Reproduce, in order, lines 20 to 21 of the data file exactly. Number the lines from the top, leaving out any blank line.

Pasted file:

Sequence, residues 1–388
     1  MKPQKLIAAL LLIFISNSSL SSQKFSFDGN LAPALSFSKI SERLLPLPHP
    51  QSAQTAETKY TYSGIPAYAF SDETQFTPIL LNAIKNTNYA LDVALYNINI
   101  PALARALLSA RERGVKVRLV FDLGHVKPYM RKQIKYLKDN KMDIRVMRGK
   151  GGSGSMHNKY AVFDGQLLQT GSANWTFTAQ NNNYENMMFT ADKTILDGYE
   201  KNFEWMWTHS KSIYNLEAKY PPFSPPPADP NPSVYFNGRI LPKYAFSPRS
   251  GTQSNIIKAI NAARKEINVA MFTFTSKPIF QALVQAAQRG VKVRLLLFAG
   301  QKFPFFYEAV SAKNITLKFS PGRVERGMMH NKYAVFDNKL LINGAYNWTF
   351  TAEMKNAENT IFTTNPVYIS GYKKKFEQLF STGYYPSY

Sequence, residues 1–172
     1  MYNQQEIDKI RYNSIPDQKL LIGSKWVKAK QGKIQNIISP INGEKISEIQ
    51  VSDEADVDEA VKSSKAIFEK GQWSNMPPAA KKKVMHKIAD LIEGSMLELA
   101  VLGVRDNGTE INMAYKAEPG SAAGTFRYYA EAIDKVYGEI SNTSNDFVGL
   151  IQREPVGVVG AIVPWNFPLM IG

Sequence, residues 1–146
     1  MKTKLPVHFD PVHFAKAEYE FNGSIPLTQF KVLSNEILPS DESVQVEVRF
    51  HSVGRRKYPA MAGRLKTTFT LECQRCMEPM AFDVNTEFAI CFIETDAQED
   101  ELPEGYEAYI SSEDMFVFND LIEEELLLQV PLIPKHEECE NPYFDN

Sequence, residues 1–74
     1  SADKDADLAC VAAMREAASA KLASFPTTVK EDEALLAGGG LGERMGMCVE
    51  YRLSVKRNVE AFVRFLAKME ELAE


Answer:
     1  SADKDADLAC VAAMREAASA KLASFPTTVK EDEALLAGGG LGERMGMCVE
    51  YRLSVKRNVE AFVRFLAKME ELAE